• Hannah

Do You Really Need a Financial Advisor?

This past February, we welcomed our second child, little Everett, into the world. He’s now coming up on eight months old and is as mobile as ever. Between Everett, his sister, and their many toys, our little townhouse is getting a little tight so we’re on the hunt for a single-family home. We’re fortunate to be working with a wonderful real-estate agent and it recently occurred to me that choosing and using a real estate agent has many parallels with finding and working with a financial advisor.

The first time we bought a home – the townhouse we’re in now – we used Redfin. Redfin is one of several home search sites that show you all the homes for sale in a specified area based on the MLS database. We searched for homes ourselves and when we were ready, we used a Redfin agent for closing. Since we weren’t also selling a home and we knew what we wanted, we didn’t mind using a basic service and overall the process went really smoothly. This time, our situation is a little more complicated. We’re wanting to live in the next home until our children are grown and because of that, the stakes are higher. We want specific features and a specific location. We’re also going to need to sell our current home - something we’ve never done before. Because the situation is more complex, we’re working with a real estate agent we know well who came with great reviews. Financial help is also offered at different service levels and it can be very worth your while to choose a level of service that meets your needs and matches your life stage.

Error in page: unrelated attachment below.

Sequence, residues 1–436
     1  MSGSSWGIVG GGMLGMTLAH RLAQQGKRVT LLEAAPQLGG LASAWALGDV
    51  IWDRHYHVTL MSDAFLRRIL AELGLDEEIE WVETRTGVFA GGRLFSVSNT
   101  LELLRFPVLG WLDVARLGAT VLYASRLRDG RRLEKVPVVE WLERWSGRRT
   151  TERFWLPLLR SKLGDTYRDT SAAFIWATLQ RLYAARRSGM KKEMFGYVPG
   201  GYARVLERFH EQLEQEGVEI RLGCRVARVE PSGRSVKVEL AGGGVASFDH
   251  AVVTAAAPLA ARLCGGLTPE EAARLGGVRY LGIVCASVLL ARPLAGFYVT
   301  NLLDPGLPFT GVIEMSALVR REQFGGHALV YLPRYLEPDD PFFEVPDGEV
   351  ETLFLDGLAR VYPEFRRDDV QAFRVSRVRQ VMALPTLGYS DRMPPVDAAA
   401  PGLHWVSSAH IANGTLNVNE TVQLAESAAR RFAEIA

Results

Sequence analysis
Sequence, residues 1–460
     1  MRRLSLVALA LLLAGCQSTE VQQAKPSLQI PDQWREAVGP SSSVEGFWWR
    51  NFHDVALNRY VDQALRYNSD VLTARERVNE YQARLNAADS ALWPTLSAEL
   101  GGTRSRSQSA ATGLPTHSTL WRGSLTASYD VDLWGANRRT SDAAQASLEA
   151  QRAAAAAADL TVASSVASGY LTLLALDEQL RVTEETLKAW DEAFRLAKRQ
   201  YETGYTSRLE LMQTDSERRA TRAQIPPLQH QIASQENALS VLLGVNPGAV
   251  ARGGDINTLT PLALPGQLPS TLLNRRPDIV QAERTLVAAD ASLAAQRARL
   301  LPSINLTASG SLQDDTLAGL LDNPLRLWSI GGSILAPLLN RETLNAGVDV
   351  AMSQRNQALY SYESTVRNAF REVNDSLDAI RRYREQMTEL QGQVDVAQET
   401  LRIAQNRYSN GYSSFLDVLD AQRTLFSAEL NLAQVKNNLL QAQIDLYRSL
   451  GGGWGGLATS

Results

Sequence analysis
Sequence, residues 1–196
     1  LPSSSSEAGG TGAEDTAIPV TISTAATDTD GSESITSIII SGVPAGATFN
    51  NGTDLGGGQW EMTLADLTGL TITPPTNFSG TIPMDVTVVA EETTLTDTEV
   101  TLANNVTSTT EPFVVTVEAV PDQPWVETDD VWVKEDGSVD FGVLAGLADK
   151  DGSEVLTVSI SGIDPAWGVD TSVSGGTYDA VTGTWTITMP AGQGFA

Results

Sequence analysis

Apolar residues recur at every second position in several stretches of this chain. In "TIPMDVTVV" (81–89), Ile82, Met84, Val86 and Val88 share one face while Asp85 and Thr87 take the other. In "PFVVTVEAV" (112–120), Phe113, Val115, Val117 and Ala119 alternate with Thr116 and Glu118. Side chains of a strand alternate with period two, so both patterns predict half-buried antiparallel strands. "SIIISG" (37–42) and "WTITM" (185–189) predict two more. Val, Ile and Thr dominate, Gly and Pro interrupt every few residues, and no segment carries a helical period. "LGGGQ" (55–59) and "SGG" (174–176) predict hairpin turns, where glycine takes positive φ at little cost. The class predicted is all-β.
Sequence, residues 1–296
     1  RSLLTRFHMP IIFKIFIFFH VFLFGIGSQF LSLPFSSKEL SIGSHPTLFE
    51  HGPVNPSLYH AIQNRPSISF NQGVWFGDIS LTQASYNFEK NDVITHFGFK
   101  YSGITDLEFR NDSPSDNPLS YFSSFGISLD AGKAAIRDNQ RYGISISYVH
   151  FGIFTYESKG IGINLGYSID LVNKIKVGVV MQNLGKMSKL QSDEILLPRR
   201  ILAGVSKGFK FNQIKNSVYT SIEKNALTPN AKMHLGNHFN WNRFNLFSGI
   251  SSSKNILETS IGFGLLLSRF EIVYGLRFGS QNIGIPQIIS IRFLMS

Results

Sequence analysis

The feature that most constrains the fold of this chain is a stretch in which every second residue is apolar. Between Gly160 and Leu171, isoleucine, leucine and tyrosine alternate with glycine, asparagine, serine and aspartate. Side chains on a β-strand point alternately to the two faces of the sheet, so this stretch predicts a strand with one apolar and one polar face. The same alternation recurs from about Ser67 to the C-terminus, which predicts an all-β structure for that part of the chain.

When it comes to your financial journey, there are two basic phases: accumulation and preservation (you could argue that after you pass there’s an epilogue of sorts where estate planning comes into play, but that’s an article for another day). Early in your career, you are in the accumulation phase. The goal is mainly to save and grow your wealth so that you can achieve your future financial goals – things like purchasing a home, sending your kids to college, and retiring. During this phase, the need for an advisor is minimal. Unless your financial situation is complicated due to existing wealth from an inheritance or maybe a successful business venture, there’s not a big need for planning or even complicated investing. If your place of employment offers a retirement plan such as a 401(k), typically the best option for you is to stash as much cash in that plan as possible, set an investment allocation that fits your risk tolerance and then leave the money to grow. You may want some basic advice on what to invest in and have someone on hand to answer periodic questions, but there’s very little need to have someone providing a high level of service for you at this point.

As you near retirement, however, the situation changes. Planning becomes more crucial. You start to ask questions like “When can I retire?” or “Have I saved enough for this specific financial goal?” At this point, it makes a lot more sense to hire someone with planning and investing expertise who can guide you through the transition. As I mentioned in my home buying example, the stakes are notably higher and paying an expert to help you make the right decisions becomes worth it. When you reach this stage, you may even know that you’d like help and just aren’t sure where to start. The very best advice I can offer in response to that is this: find someone who is competent and who you are comfortable with.